Tuesday, May 24, 2011

Polpettine are tiny Italian meatballs. Due to the fact that polpettine are not widely found in the northern part of Italy, some Italians and Italian-Americans have come to believe that meatballs are not an authentic Italian dish. This is definitely not the case. Polpettine are quite common in the Province of Teramo in Italy’s Abruzzo Region of Central Italy. They are typically served in a red tomato sauce on top of a pasta very similar to spaghetti. This pasta has the unique characteristic of being made with a kitchen instrument known as a “chitarra”. The dish of meatballs and this pasta is sometimes referred to as “chitarra e polpettine.”

Many restaurants in the Province of Teramo have meatballs on the menu. A good number of people from Teramo and Valle San Giovanni have emigrated abroad and it is not very difficult to find this dish served outside of the Italy. Most of these are the larger meatballs which in Italy go by the name “polpettoni.” In southern New Jersey a local establishment by the name of the Roman Pantry has become famous for its sandwiches made from polpettoni (meatballs). A famous movie star from the area named Bruce Willis returns there often to dine.
There are several polpettine varieties and derivations. Most recipes call for a dish that is made in the following manner. The recipe starts with some combination of minced beef, lamb, or pork. Frequently, but not always, some vegetables such as onions, celery, and perhaps carrots are added. Small portions of this mixture are formed into tiny balls and are then fried in an open skillet. These balls of meat (polpettine or polpettoni) are then added to a tomato-based pasta sauce and cooked for some period of time up to several hours. The making of polpettine can require several hours of a chef’s diligent labors.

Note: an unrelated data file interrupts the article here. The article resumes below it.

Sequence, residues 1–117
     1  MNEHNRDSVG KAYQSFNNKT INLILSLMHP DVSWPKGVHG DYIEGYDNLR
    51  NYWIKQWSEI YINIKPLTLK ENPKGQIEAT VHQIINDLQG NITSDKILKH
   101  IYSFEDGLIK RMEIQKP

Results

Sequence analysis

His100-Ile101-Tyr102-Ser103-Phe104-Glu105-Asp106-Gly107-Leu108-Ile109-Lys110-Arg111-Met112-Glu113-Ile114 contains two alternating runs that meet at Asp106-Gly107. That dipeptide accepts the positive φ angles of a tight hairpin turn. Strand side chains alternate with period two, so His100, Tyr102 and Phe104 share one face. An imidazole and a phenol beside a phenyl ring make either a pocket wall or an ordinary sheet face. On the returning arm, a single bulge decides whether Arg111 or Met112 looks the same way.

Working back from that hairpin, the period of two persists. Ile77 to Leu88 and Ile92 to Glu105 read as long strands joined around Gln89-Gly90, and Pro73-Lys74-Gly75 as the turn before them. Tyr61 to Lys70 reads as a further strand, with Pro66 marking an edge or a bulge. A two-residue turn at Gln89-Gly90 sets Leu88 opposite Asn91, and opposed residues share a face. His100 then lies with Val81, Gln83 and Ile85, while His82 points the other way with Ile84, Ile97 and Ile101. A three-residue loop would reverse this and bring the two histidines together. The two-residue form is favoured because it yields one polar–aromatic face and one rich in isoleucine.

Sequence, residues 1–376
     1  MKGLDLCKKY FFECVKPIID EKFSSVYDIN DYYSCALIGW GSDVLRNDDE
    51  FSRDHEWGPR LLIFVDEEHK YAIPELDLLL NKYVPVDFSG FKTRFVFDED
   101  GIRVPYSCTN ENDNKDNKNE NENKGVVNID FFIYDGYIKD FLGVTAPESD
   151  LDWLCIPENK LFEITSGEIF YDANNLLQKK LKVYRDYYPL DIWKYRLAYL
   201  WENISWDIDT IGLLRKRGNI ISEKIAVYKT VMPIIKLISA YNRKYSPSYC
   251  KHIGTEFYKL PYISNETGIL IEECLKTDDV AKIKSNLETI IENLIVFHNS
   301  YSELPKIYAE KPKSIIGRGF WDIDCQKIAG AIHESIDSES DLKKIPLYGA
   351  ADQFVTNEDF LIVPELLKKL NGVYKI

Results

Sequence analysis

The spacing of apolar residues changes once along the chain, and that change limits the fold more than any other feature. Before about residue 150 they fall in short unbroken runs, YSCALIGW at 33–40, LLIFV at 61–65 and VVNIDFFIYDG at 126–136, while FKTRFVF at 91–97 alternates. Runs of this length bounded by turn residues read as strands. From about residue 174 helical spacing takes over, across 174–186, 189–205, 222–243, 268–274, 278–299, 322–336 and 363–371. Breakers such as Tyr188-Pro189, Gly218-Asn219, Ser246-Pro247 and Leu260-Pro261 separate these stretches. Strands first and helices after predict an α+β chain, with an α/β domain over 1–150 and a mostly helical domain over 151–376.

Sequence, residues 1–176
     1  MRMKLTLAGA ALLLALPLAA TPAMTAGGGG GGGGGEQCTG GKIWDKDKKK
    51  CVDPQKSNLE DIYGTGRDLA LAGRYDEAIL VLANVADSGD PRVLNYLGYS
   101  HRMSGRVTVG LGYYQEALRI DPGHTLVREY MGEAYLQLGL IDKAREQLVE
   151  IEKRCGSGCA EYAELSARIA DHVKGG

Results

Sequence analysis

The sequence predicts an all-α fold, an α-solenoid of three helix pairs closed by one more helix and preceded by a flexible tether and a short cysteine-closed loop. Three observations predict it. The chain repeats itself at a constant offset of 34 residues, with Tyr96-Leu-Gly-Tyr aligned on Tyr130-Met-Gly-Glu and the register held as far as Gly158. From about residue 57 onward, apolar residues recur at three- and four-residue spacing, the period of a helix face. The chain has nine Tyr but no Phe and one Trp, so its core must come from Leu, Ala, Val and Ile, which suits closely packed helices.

Italians generally agree that the best polpettine in the world come from the small village of Valle San Giovanni, a frazione (suburb) of the provincial capital of Teramo in Italy’s rugged Abruzzo Region. In all liklihood Valle San Giovanni cooks have been making this traditional dish for hundreds of years. Some say the secret is the slow cooking method used by these “vallarolo” (people from Valle San Giovanni). Others claim that the secret ingrediant is the fresh water flowing down from a stream called Fiumicello. Whatever the reason, the polpettine of this town are definitely considered to be some of the best in the world.

Chitarria con polpettine is often served as one course during the traditional Sunday luncheon meal. Other villages known for the making of polpettine include Varano and Travazzano, both of which are also located near near the provincial capital of Teramo.